Hargrove, Manuel Offer Similar Traits

Mike Hargrove and Charlie Manuel both spent time as the manager of the Cleveland Indians. Both have a good background and both are well respected in the game of baseball. Both will likely be interviewed by the Phillies for their vacant manager's job, too. In fact, Manuel will interview for the job next week. To get the scoop on both candidates, <i>PhillyBaseballNews.com</i> asked the publisher of <a href=http://indians.theinsiders.com>Indians Ink</a> for his thoughts on both Hargrove and Manuel.

Mike Hargrove and Charlie Manuel, despite completely different lifestyles, share one basic quality -- a very intense love for the game of baseball.

Both would have to be considered "players managers," as they will allow a certain free reign in the clubhouse and will generally stand up for their own guys.

Both have a distinct fire within, however, and are not afraid to "lay down the law."

Hargrove was considered soft by some media members who didn't understand how much strength it took not to explode on a nightly basis over the clubhouse antics of Albert Belle, Kenny Lofton and countless others throughout the mid-90s. Behind the scenes, Hargrove tried to diffuse those problems and managed to keep the Cleveland team on course to success -- full-well knowing that it was a talented group of players and that even though their lifestyles did not mesh with his family-oriented outlook, it was what they accomplished between the lines that mattered.

Hargrove was a key reason the Indians developed into a winner in the 1990s. Many other managers would have not been as patient in certain areas. His guidance allowed the club to develop from 100-game losers in 1992 to 100-game winners in 1995 -- and win five straight division titles under his leadership.

It probably was a good thing for both the Indians and Hargrove when he was dismissed after the 1999 playoffs, though the shock of it hit him hard. In many ways, he had become a bit of a beaten man and just wasn't the same skipper as in his earlier days.

But during the next four seasons as manager of a much-weaker Baltimore Orioles squad, he seemed to regain his passion for the game. He again tried to mold young players and though the Orioles never really became contenders, Hargrove seemed to become an even better "in-game" manager while retaining his good organizational skills.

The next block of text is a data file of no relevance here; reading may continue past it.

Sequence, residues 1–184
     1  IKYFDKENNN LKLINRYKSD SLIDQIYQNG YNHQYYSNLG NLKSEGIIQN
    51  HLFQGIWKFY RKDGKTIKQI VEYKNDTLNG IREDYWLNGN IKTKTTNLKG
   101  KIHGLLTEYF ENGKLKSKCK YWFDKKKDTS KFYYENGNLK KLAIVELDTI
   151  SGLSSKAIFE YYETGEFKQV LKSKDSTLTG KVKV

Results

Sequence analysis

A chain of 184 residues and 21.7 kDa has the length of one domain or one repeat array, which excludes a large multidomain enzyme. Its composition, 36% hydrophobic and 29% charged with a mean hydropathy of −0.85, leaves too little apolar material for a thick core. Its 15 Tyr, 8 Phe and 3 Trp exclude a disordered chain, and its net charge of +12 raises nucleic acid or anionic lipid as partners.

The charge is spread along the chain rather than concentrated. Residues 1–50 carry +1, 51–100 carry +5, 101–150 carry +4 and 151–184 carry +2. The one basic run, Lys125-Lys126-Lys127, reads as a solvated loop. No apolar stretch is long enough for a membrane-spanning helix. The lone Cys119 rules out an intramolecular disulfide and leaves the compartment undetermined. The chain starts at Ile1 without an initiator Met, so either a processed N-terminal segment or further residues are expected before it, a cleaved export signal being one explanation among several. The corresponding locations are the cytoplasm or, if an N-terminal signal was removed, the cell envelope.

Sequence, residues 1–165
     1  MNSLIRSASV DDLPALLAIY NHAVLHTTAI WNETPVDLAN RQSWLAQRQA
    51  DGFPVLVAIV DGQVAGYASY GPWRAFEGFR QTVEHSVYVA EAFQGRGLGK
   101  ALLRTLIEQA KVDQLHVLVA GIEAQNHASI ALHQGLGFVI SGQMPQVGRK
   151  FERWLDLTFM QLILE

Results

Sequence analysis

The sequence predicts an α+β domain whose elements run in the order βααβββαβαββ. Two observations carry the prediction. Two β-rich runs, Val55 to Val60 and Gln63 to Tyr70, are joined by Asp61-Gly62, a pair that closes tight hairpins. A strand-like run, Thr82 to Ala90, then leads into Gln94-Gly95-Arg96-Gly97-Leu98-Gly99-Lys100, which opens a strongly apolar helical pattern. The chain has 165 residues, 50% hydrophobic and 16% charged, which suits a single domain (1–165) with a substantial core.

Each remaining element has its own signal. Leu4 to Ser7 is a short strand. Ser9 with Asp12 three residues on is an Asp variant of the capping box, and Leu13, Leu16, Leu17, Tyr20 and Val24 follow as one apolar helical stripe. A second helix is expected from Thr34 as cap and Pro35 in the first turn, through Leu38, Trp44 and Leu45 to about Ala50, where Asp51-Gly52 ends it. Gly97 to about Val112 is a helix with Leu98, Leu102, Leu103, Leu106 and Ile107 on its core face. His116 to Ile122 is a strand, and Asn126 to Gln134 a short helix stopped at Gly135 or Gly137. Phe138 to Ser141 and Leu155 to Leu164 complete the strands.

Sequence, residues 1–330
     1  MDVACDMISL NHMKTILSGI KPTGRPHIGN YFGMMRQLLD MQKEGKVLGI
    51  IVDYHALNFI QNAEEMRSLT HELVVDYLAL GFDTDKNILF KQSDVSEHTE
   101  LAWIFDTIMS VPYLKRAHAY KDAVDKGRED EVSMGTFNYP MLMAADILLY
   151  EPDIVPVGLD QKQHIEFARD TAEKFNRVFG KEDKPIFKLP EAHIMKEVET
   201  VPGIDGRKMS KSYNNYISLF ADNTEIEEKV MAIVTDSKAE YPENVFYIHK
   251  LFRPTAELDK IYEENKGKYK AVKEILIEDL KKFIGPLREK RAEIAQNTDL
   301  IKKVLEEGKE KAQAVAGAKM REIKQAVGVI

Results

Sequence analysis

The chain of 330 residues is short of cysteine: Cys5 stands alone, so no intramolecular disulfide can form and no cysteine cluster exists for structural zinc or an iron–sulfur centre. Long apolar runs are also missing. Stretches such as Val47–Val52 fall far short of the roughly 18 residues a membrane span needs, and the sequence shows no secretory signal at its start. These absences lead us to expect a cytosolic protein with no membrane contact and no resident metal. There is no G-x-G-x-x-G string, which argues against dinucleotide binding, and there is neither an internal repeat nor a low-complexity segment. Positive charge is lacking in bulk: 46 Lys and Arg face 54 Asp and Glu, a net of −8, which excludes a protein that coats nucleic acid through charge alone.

While Hargrove's spring camps and daily practices are well-organized, Manuel seems to need a strong bench coach to attend to the day-to-day minutiae.

He is distinctly old school, which led to his dismissal in Cleveland when he got into a tiff with preppy general manager Mark Shapiro. He's not much for computer printouts and forecasts, but has an uncanny feel for the game -- likely from years of playing and managing in the minors all over America.

He's a sportswriter's delight, telling tales of minor-league ballgames from years ago, his great playing career in Japan (one of the first American superstar sluggers there in the 1970s), and providing numerous amusing moments as he completely fractures the English language. While some fans poked fun of him in Cleveland, the writers often said that if Manuel managed the Yankees to a pennant, he would be regarded as a lovable skipper in the manner of Casey Stengel.

When he took over in Cleveland, it was to light a fire under the talented squad that had become a bit complacent under Hargrove. Manuel was ejected from two of the first three games he managed -- ironically in Baltimore against Hargrove's Orioles.

One of his first edicts upon taking over in 2000, was to get rid of a ping-pong table in the Cleveland clubhouse -- an unpopular move among players who later agreed it was the right thing to do. He wanted players to be thinking nothing but baseball before, during and after games -- a philosophy that had been successful as a manager in the Indians' minor-league system before he became batting coach at the big-league level under Hargrove.

But a series of health issues seemed to take a lot of fire away from him. Soon, Manuel was just "a good ol' boy" laughing and joking with the players.

Both have a great deal of knowledge about hitting and are able to impart it to players. Hargrove had pitching coach Mark Wiley with him in both Cleveland and Baltimore to help in that area.

I like both of these guys very much. Grover's probably the safer choice, a calm and experienced manager whom I respect. Manuel's more fun to be around and expresses his thoughts -- both good and bad -- much more freely.

Chuck Murr is the publisher of Indians Ink and reports on the Cleveland Indians. Chuck was nice enough to offer his insights into both Mike Hargrove and Charlie Manuel. Indians Ink is part of TheInsiders.com network.

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